Expectations & Perfectionism – A Blog Post By Beth Elliot

I recently read a story about a family that set up their large, outdoor movie screen at the end of their neighborhood’s cul de sac. They invited everyone in the neighborhood to attend free movies on Friday. People stayed in their cars, like a drive-in movie theater, to adhere to the physical distancing. Another neighbor donated beer from his microbrewery to anyone who came. Another neighbor provided a free snack. 

 

It sounded like such a wonderful community and a lovely way to come together, however, the original family had to close it down because people began complaining. Their complaints? There was no free popcorn or soda. They didn’t like the movie choice. They wanted the family to set up a better sound system.

 

There are times when even the most loving community can have unrealistic expectations. Often, these expectations come from cultural norms like perfectionism. As the impact of the pandemic continues, UUCB will also have to consider their expectations. With fewer resources and so many changes, things are bound to continue to change. How can UUCB prepare to weather the next few years while still Connecting Bravely, Deepening Spirituality, Embodying Justice, and Always Loving?

 

The UUA is actively working to address the systemic impacts of White Supremacy Culture, including the ideas behind perfectionism. They shared some insightful perspectives from THE CHARACTERISTICS OF WHITE SUPREMACY CULTURE from Dismantling Racism: A Workbook for Social Change Groups, by Kenneth Jones and Tema Okun, (ChangeWork, 2001).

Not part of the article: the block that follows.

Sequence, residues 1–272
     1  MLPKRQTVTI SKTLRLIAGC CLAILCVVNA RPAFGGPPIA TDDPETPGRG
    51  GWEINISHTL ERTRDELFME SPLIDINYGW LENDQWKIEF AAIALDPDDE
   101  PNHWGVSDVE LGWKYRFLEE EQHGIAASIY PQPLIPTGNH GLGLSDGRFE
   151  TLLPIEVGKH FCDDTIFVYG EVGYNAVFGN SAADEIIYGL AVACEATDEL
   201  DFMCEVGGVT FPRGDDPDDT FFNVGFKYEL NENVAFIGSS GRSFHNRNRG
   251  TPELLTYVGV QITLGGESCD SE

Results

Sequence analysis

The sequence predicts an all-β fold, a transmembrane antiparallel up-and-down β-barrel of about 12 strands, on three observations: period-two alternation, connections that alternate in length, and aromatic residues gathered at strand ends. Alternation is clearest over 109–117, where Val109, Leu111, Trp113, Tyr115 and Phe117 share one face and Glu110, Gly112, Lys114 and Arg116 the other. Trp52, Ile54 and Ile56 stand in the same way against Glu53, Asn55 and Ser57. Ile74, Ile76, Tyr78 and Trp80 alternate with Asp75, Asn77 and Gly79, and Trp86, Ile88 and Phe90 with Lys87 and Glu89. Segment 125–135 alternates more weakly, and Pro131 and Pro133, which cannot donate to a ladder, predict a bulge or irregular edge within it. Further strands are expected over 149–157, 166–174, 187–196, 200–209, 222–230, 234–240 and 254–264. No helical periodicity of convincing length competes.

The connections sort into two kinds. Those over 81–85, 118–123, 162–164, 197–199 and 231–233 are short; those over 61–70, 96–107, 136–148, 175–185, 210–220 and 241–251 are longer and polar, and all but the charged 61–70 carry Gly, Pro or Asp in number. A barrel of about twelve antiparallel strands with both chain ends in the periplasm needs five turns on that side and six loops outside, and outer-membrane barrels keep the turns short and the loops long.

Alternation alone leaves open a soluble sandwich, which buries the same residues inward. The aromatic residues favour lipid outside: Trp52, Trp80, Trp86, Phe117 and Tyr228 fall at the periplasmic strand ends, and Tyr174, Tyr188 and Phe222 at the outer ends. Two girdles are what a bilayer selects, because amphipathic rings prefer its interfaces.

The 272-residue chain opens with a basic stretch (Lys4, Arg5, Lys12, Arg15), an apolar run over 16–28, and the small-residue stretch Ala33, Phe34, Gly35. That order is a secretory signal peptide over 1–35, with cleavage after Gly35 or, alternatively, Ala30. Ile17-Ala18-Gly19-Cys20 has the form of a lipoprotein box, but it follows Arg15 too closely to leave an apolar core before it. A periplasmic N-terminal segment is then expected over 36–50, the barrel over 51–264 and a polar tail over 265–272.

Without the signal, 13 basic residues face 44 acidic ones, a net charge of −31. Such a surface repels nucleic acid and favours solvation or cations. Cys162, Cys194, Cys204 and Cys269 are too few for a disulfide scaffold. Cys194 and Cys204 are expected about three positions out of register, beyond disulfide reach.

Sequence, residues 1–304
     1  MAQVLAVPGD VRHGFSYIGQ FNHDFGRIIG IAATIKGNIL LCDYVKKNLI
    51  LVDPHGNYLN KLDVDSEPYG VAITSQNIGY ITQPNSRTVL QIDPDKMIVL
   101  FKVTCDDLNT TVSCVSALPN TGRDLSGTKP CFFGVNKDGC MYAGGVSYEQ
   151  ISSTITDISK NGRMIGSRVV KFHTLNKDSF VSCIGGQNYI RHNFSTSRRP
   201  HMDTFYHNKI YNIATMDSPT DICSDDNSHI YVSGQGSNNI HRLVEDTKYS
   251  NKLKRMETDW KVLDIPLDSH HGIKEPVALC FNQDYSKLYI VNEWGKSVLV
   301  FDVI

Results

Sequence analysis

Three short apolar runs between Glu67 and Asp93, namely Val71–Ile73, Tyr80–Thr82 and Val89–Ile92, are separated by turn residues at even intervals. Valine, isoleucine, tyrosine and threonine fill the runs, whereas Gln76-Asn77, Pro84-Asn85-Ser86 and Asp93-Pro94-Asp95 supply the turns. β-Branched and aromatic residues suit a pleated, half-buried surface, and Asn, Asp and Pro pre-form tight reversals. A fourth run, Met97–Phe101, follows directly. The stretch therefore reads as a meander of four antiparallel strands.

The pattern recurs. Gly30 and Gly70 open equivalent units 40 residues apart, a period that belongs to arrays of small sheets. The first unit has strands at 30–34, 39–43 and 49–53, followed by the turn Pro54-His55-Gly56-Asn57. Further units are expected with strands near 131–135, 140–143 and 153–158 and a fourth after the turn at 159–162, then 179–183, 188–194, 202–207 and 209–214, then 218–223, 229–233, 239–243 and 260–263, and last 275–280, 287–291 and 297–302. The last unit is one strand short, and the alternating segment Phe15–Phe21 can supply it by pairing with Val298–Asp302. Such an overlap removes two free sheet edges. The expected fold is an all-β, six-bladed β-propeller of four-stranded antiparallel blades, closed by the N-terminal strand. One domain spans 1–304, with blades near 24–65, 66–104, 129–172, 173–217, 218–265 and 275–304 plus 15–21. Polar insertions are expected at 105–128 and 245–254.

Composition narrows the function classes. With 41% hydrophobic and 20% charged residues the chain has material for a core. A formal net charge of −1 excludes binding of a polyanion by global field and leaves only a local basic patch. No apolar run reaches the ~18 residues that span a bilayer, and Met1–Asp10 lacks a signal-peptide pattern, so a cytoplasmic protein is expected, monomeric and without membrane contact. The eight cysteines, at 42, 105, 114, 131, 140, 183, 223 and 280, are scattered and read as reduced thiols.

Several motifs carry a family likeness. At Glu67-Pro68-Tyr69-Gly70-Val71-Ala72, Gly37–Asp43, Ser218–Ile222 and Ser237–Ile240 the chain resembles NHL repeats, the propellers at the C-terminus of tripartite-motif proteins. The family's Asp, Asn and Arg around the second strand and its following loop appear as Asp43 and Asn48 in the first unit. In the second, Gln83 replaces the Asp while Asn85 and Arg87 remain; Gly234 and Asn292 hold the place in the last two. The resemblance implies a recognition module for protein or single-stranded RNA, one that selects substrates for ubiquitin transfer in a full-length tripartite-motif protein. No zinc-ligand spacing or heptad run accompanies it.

You can follow the link to see the whole workbook, but here is the section on perfectionism.

 

Perfectionism

  • little appreciation expressed among people for the work that others are doing; appreciation that is expressed usually directed to those who get most of the credit anyway
  • more common is to point out either how the person or work is inadequate
  • or even more common, to talk to others about the inadequacies of a person or their work without ever talking directly to them
  • mistakes are seen as personal, i.e. they reflect badly on the person making them as opposed to being seen for what they are — mistakes
  • making a mistake is confused with being a mistake, doing wrong with being wrong
  • little time, energy, or money put into reflection or identifying lessons learned that can improve practice, in other words little or no learning from mistakes
  • tendency to identify what ís wrong; little ability to identify, name, and appreciate what ís right

 

Antidotes: Develop a culture of appreciation, where the organization takes time to make sure that peopleís work and efforts are appreciated; develop a learning organization, where it is expected that everyone will make mistakes and those mistakes offer opportunities for learning; create an environment where people can recognize that mistakes sometimes lead to positive results; separate the person from the mistake; when offering feedback, always speak to the things that went well before offering criticism; ask people to offer specific suggestions for how to do things differently when offering criticism.

 

We must work together to let go of unrealistic expectations and the idea of perfectionism. We must lift each other up. Gratitude is a strong foundation for all church work. Finding ways to appreciate each other and extending grace and patience for when we make mistakes will make us stronger.

 

Be well,

Beth